Advising

Academic Integrity & Student Conduct

All members of the University of Chicago belong to a tradition dedicated to the pursuit and cultivation of learning. A few simple principles—academic integrity, mutual respect and civility, personal responsibility—lie at the heart of our intellectual community. Each of us—students, faculty and staff—is pledged to live up to these standards and to support each others’ efforts in this regard. We take these values seriously and the Office of College and Community Standards is committed to helping first year students in particular, our newest community members, to understand how academic honesty, mutual respect and personal responsibility enable the ongoing success of our educational mission.

Each new student is given a copy of the University of Chicago's Student Manual of University Policies & Regulations and Doing Honest Work in College by Charles Lipson. Please set aside time to read the policies on academic integrity and student conduct carefully. Do not assume that you necessarily understand what constitutes good practices for academic integrity or civic behavior: university standards are frequently different from high school. If in doubt, check with your instructors or your Adviser in the College.

More Information

Conduct by students in the College involving possible violation of University policies and regulations and other breaches of standards of behavior expected of University students—whether the student(s) are involved individually or as part of a group, and with the exception of unlawful harassment, discrimination, retaliation, or sexual misconduct—should be brought promptly to the attention of the Dean of Students in the College, for investigation and/or adjudication through the Office of College Community Standards.

Such violation and breaches of standards include but are not limited to: plagiarism, cheating on examinations, falsifications of documents or records, theft, vandalism, violation of computing policies, violation of the alcohol and other drug policy, physical or verbal abuse that threatens or endangers the health or safety of others, violation of an administrative department's regulations, failure to comply with directives of University officials including the University Police, and violation of the terms of imposed disciplinary sanctions.

Conduct involving violation of the Policy on Harassment, Discrimination and Sexual Misconduct should be brought promptly to the attention of the Title IX Coordinator for the University and/or the Associate Dean of Students in the University for Disciplinary Affairs in Campus and Student Life. Disruptive conduct involving violation of the University’s Protests & Demonstrations Policy should be brought to the attention of the Associate Dean of Students in the University for Disciplinary Affairs in Campus and Student Life.

Students must have a thorough understanding of—and abide by—the University’s standards for academic integrity. Presenting another’s words or ideas as your own (intentionally or unintentionally) is plagiarism and constitutes a serious offense.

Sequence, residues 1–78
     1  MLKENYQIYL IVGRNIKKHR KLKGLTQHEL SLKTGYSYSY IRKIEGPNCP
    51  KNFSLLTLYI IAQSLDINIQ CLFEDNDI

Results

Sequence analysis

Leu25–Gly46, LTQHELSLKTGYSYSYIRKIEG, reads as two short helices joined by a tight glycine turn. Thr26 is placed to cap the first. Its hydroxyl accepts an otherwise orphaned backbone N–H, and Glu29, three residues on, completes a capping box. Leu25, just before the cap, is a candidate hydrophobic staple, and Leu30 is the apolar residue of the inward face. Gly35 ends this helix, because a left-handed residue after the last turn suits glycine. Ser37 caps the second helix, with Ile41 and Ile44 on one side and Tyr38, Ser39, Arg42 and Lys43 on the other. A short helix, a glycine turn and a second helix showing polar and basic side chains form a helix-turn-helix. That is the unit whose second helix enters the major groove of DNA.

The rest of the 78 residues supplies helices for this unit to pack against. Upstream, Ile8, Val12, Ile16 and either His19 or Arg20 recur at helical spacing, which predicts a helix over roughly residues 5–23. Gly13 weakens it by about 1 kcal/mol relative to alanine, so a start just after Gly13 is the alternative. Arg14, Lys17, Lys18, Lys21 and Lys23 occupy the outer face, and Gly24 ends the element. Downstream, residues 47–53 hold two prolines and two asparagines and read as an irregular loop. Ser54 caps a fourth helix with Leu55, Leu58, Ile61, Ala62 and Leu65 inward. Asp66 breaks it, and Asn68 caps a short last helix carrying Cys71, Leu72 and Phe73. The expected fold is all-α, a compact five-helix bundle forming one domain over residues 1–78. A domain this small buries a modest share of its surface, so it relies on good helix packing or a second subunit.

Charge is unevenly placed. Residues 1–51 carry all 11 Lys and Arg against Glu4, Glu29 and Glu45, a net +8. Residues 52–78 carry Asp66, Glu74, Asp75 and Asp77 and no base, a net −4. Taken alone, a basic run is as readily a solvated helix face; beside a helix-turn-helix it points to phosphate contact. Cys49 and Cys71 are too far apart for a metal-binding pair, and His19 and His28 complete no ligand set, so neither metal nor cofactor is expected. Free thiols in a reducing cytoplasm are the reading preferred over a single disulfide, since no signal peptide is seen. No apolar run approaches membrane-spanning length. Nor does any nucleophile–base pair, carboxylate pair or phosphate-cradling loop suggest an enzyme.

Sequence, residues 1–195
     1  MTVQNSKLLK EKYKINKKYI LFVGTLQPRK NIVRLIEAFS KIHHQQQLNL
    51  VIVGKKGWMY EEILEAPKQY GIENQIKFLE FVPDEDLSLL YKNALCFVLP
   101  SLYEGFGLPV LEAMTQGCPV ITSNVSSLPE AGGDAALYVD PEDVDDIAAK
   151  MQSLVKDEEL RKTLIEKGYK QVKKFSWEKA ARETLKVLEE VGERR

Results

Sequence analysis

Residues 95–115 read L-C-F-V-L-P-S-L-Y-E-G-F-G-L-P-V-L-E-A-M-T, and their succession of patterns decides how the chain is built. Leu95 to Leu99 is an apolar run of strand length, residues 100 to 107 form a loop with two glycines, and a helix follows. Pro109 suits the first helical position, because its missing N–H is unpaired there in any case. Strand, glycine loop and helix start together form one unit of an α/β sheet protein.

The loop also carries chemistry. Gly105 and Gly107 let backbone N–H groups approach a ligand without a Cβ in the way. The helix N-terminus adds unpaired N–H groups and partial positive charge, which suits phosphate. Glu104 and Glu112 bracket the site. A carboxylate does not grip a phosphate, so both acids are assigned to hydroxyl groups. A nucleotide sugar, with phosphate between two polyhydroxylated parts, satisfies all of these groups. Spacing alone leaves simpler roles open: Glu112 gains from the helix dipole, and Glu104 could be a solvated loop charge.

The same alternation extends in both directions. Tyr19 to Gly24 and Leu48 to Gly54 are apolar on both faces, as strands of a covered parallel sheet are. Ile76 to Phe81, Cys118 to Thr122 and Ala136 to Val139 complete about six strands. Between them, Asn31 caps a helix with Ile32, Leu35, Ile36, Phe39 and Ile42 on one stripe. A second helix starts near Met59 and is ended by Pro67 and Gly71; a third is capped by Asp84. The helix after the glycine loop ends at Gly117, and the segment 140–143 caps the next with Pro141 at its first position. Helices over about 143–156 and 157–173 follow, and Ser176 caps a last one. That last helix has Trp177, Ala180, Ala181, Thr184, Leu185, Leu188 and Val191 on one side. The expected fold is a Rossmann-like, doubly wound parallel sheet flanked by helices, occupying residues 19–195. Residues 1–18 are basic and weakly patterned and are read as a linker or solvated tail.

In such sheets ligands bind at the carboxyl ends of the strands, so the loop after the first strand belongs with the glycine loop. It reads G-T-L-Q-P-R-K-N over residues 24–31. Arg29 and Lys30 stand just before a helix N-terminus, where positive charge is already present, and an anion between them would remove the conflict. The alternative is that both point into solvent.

One way to think about your studies is as a long, sustained conversation with your contemporaries, your teachers and peers, and thinkers, writers and scientists who have gone before you. In order to make your part in this conversation clear, you must cite those whose work, contemporary or historic, has influenced your project. This does not necessarily detract from the individuality of your work, but it does locate you in a larger, ongoing intellectual context. For example, if your thoughts on Plato have been influenced by a class lecture or discussion, you should cite it. Similarly, you should provide citations for writings you may have come across online if they have had a role to play in your analysis of a particular topic.

Students who are confused or unsure about the proper use and acknowledgment of sources for specific assignments should consult with their instructors before submitting an assignment.

Conduct involving possible violation of the University’s standards for academic integrity may require the Dean of Students in the College to convene the College Area Disciplinary Committee. For more information on this system, please see the Student Manual of University Policies & Regulations (“Area Disciplinary Systems”).

All students in the College are expected to adhere to the University’s expectations of good citizenship. This includes, but is not limited to, honoring University policies and regulations on sexual misconduct, use of technology, safety and use of facilities, disruptive conduct, and the use of alcohol and other drugs.

Conduct involving possible violation of University policies and regulations and other breaches of standards of behavior expected of University students may require the Dean of Students in the College to convene the College Area Disciplinary Committee, or to refer the matter (as appropriate) to either the University-wide Disciplinary System or the Disciplinary System for Disruptive Conduct. For more information on these systems, please see the Student Manual of University Policies & Regulations (“Area Disciplinary Systems”).

Students who engage in academic misconduct or otherwise violate the standards of the University community may be brought before the College’s Area Disciplinary Committee, or referred (as appropriate) to either the University-wide Disciplinary System or the Disciplinary System for Disruptive Conduct. For more information on these systems, please see the Student Manual of University Policies & Regulations (“Area Disciplinary Systems”).

If students are found responsible for misconduct, disciplinary committees have the right to impose sanctions ranging from warning, probation, suspension, or expulsion. For more information, see “Sanctions for Misconduct” in the Student Manual of University Policies & Regulations.